Salthill began to really liven up with the arrival of the Dublin to Galway train in 1851. Holidaymakers arrived at the resort in some style. Trains were met at the station by horse-drawn ‘cars’ or ‘buses’ which went out directly to the seaside.
Salthill already had its traditional summer visitors. Farmers and their wives, often dressed in their best Sunday clothes, would come and gossip along the ‘Lazy Wall’, or ‘enjoy a mouthful of fresh air from the broad Atlantic’. If they were very brave they could endure a sea-bath, or a cold sea-shower (which consisted of nothing more than standing in a cubicle and having a bucket of water poured over their heads ). Men could hire swimming togs for the day, and take a dip.
But times changed, and the age groups got younger. After the 1860s travel writers observed that the town-to-prom jaunt was often the highlight of their holiday. It was described as a ‘beautiful drive of fully two miles for one penny’. In 1873 it was reported that ‘Salthill, during the bathing season, is an extremely lively place…On Sunday the ‘bus’ becomes one of the great amusements of the day: shopkeepers, mechanics, servant girls, everybody takes a drive; and added to the excitement of the sunshine, and the look of the sea, and the crowds, is sometimes the stimulant of a reckless race between two or three of the buses. These races are carried on with much noise, and much apparent risk: but somehow or other, no harm seems ever to come of them.’
On one occasion those dreadful Queen’s College students took over a ‘car’, dragged it to a precipice along the route, and threatened to push it over. We can imagine the screams.
Enduring a wet holiday at the Marino Cottage guest house, the famous Anglo Irish writing partnership, Edith Somerville and Violet Florence Martin,* observed in 1906 that ‘the great winds press heavily against the windows of Marino Cottage, and the little one-horse teams glide on the desolate shining road like white-backed beetles.’
A sense that Galway’s star was rising was reflected in a dramatic improvement in public transport. A horse drawn tram service was introduced from Forster Street to the Eglinton Hotel in Salthill. The single track line, which featured a three feet wide gauge, required passing points to accommodate two-way traffic. A much sought after open-top, double decked, tram, which was drawn by two horses, allowed passengers enhanced views as they moved smoothly along.
The new trams added a certain cosmopolitan chic to the town and Salthill. ‘The cars had cushioned seats, and used oil lamps. Seating capacity was 36 (18 inside and 18 on top ). The cars were painted olive green with white panels.’
Despite all this luxury, not everyone was happy. People complained that Sunday schedules did not always tally with Mass times at the Jesuit church. In 1911 a passenger wrote to a local paper: ‘On last Sunday morning, which was a wet one, the Tram Co. provided one car at half-past nine, and one at half-past 10 to carry upwards of two to three thousand people to Mass!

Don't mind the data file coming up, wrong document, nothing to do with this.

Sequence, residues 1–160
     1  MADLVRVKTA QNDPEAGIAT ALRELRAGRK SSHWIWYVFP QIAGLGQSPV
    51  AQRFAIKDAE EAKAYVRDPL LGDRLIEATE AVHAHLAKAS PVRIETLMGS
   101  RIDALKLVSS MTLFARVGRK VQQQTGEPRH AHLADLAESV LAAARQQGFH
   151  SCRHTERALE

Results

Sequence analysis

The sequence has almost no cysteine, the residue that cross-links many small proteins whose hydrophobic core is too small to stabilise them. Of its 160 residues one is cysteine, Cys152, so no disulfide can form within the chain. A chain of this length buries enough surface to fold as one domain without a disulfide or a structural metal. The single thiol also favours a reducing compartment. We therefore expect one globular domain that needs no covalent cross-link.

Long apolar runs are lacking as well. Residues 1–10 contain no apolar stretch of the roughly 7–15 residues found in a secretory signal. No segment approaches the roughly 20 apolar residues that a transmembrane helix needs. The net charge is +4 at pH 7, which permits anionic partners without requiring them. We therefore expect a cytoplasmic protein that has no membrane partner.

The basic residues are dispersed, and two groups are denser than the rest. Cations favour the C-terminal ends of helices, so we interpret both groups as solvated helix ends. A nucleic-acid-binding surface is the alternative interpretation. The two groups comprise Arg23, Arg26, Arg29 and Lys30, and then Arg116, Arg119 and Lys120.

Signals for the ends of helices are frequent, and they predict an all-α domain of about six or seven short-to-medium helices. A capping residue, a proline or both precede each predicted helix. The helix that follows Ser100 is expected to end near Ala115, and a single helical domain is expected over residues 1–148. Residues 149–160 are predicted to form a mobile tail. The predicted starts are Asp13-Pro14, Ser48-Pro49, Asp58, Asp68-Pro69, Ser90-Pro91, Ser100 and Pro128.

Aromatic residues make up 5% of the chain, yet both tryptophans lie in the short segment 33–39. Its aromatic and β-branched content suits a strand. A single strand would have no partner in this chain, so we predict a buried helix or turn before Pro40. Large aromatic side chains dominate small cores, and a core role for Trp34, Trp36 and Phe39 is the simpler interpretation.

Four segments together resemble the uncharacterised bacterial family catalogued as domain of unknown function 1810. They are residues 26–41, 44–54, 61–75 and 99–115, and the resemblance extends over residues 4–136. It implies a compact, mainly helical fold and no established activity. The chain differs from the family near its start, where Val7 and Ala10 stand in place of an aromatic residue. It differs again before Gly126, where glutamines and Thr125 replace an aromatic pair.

‘Returning from the Masses it was even worse, as after waiting for a quarter of an hour at the church door, or under the trees at Nile Lodge, every train would be overcrowded to suffocation.’
Rows sometimes led to fisticuffs. A visiting apprentice from Dublin got into an argument over his fare. He became so incensed that he lashed out at the conductor. The apprentice, however, picked on the wrong man. The conductor responded by ‘knocking the young man off the car’ who then hit the wall running alongside the line at Nile Lodge. The apprentice sued the company for substantial damages.
End of an era
On Tuesday August 4 1914 Britain declared war on Germany, an announcement that cast a pall over Wednesday’s Plate day at Ballybrit. There was nothing like a full attendance.
Almost immediately army personnel were seen in the town vetting the tram horses to see if they were good for transport purposes. They were strong animals used to pulling heavy loads. All of them were commandeered. Galway was suddenly left without trams.**
This situation continued for a number of years. An irregular transport service was provided by the original one-horse cars, but, despite the complaints, the people were used to a decent tram service, and the town lost some of its lure as a progressive and lively holiday centre.
However, necessity was the mother of invention at that time. The Galway-Salthill route was taken over by a transport fleet that was no longer drawn by dependable dray horses, but propelled by modern motors. The new Galway General Omnibus Company followed the same Salthill route as its tram predecessor, only departing from Victoria Place and not Forster Street.
The route is pretty much as it is today. In 1936 the Omnibus Company was taken over by the Great Southern Railways (GSR ). That takeover was blessed by a Government policy, which favoured public transport over private operators. Great Southern Railways became Córas Iompar Éireann, and that company became the familiar Bus Éireann.
In recent years a new Government policy favoured competition between public and private operators. A local man, Dónal Joyce, won a licence to run a private bus service to Salthill. Mr Joyce’s first ‘City Direct’ bus ran in June 1999.
NOTES: *Many of Somerville and Ross’s books are still in print. Notably Some Experiences of an Irish RM (1899 ), and the Real Charlotte (1894 ). Their condescending but amusing Through Connemara in a Governess Cart (1893 ) is worth buying if you can find it.
**Horses were considered essential on and off the battlefield during World War I. The British army purchased more than 460,000 horses and mules from across Britain and Ireland during the conflict.
In the last few weeks I have been leaning heavily on Paul McGinley’s entertaining and informative Salthill - A History, now on sale.